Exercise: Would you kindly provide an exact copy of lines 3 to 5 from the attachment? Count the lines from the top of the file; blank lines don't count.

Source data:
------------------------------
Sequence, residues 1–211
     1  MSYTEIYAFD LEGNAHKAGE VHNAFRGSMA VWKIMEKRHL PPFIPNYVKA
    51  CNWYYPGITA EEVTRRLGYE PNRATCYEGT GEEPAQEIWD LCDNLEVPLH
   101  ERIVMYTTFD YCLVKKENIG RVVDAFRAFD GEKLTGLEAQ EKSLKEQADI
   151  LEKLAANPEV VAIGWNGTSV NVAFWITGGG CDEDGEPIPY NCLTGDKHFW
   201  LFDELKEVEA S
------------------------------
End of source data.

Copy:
    51  CNWYYPGITA EEVTRRLGYE PNRATCYEGT GEEPAQEIWD LCDNLEVPLH
   101  ERIVMYTTFD YCLVKKENIG RVVDAFRAFD GEKLTGLEAQ EKSLKEQADI
   151  LEKLAANPEV VAIGWNGTSV NVAFWITGGG CDEDGEPIPY NCLTGDKHFW